The neurotransmitter histamine has been suggested to be involved in cognitive functioning. Generally, studies in animals have shown a decrease in performance after decreasing histamine neurotransmission and improved performance after increasing histamine neurotransmission. It is unclear, however, what role histamine plays in cognition in humans. Up until now, most data are derived from studies and reviews that aimed to assess the sedative potential of H(1)-antagonists and not the effects on cognition in particular. The objective of this paper is specifically to review which cognitive domains are affected by H(1)-antagonists. Taken together, 90 experimental studies on the performance effects of sedative H(1)-antagonists published between 1973 and 2009 were reviewed. Results showed that psychomotor skills and attention are most frequently impaired and memory the least. Tasks assessing memory that were affected usually required rapid responses. It was concluded that both the complexity of the task as well as the demand for information processing speed determines the sensitivity to the effects of central H(1)-antagonism. The importance of the sensitive cognitive domains to histaminergic dysfunction, as well as the relation between histamine related decrease in arousal and task performance deserve further research.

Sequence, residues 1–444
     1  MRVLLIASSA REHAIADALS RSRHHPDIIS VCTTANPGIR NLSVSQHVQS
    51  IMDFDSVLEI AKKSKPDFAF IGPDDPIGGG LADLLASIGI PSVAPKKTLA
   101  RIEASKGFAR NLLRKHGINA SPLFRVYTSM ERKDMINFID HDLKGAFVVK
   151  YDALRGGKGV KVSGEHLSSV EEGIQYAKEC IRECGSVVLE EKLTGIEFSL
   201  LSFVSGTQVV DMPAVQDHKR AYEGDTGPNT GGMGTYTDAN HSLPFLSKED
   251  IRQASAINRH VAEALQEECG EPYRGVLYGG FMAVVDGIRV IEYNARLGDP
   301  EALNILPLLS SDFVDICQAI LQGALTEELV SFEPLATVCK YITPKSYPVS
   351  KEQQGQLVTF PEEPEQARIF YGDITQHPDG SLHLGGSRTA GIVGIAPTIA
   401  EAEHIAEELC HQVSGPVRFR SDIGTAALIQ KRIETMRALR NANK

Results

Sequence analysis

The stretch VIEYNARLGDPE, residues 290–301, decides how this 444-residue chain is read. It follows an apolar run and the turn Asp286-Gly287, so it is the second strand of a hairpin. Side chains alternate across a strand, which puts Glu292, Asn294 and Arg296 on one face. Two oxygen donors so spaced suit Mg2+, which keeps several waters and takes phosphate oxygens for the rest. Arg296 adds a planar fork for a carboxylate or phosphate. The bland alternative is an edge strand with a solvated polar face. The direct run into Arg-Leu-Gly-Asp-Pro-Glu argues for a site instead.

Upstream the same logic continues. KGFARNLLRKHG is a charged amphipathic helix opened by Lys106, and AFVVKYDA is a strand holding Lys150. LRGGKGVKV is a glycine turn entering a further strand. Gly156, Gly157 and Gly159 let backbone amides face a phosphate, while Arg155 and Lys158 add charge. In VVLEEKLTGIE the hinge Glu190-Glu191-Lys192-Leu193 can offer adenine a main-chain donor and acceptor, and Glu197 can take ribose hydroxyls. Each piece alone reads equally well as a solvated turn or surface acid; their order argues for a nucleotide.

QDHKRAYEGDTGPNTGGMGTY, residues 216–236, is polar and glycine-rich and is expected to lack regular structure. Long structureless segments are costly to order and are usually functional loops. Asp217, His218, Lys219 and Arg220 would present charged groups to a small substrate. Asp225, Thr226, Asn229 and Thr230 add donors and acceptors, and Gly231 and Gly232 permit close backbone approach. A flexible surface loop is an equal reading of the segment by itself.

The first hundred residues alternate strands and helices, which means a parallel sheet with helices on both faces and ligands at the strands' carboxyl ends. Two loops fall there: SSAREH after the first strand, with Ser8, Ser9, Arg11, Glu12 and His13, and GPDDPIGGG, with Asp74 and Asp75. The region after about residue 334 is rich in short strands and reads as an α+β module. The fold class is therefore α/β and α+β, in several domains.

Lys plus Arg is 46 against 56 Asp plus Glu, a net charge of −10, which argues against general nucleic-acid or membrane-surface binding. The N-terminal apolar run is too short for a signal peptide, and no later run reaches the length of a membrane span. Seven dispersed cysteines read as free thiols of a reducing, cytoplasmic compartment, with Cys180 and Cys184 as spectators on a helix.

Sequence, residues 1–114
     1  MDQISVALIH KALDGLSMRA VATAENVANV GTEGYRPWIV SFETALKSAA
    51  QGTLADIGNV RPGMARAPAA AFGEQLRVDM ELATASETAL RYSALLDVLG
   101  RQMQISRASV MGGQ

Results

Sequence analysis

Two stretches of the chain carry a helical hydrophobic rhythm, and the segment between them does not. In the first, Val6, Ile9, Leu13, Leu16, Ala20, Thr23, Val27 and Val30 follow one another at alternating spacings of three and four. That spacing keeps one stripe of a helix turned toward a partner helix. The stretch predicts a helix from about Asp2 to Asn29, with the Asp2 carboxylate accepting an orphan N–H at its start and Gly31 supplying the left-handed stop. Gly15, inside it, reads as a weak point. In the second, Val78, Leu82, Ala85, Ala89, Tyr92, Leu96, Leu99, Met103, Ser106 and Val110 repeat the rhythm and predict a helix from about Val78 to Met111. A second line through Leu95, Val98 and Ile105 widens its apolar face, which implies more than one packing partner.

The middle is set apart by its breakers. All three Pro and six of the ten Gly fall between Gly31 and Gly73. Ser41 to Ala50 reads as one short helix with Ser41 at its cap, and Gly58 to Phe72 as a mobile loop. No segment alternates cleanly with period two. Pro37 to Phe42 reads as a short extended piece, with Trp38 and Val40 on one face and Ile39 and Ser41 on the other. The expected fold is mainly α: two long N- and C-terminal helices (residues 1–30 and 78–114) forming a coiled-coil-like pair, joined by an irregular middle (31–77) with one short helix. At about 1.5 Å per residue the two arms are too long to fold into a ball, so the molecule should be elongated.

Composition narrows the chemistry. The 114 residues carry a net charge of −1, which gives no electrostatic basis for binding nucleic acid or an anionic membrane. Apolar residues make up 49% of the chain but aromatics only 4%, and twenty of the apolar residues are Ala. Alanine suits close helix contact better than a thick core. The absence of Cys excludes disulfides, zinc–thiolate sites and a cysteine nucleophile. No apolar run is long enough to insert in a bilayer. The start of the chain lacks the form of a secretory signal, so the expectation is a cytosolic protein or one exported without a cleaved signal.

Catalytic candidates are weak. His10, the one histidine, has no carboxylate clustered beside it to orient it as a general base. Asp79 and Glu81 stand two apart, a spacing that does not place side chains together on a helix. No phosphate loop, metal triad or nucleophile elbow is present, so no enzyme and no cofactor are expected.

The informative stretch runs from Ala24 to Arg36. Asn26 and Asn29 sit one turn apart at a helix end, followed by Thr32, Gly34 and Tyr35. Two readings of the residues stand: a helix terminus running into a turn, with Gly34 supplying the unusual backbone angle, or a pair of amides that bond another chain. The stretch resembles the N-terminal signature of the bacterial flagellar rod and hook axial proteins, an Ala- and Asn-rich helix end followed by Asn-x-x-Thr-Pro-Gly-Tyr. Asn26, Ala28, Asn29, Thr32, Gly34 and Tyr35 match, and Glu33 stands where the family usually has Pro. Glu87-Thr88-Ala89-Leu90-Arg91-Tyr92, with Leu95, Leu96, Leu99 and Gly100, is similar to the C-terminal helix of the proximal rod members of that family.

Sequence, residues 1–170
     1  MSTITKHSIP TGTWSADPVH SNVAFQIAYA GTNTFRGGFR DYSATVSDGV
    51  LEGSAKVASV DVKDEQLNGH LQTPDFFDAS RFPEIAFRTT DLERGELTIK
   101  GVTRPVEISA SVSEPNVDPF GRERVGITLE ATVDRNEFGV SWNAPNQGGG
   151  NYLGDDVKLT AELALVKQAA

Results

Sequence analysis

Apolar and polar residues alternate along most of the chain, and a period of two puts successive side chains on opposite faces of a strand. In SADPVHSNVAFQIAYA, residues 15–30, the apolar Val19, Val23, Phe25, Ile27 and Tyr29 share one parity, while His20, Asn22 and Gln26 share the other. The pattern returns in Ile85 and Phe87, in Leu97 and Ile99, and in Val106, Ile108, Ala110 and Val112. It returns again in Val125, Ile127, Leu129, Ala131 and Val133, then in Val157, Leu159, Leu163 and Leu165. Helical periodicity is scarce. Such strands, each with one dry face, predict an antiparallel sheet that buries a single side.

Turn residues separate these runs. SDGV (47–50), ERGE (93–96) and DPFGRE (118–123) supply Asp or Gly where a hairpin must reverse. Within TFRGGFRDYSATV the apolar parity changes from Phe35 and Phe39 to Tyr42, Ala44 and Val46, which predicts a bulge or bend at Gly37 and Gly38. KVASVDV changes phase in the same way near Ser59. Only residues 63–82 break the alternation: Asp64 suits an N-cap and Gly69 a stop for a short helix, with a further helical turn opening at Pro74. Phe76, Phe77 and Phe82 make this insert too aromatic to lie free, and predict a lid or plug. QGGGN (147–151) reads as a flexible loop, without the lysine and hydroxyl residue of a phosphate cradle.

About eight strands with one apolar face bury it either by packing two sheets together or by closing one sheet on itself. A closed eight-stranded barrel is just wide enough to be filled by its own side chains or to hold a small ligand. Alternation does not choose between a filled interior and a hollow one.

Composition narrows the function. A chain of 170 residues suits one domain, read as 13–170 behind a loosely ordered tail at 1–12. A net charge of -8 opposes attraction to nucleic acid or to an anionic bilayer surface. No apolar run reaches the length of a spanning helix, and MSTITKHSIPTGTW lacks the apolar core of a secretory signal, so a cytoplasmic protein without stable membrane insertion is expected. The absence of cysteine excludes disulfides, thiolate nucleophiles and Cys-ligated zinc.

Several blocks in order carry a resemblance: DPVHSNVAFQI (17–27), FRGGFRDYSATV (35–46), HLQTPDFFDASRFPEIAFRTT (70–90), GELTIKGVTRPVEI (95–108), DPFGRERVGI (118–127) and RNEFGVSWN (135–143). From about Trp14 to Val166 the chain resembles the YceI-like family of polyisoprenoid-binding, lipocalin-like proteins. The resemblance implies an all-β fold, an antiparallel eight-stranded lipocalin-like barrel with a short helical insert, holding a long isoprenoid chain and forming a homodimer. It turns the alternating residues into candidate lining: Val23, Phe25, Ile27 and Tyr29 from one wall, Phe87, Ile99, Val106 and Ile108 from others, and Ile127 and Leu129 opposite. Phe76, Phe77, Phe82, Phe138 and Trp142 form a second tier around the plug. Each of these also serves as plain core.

View graph of relations
- ACTIVE-AVOIDANCE RESPONSE, CAR DRIVING PERFORMANCE, CENTRAL-NERVOUS-SYSTEM, DOUBLE-BLIND, H-1-antagonist, H-3 RECEPTOR ANTAGONISTS, HEALTHY-VOLUNTEERS, Histamine, Human cognition, POSITRON-EMISSION-TOMOGRAPHY, PROPORTIONAL IMPAIRMENT RATIOS, PSYCHOMETRIC TEST-PERFORMANCE, PSYCHOMOTOR PERFORMANCE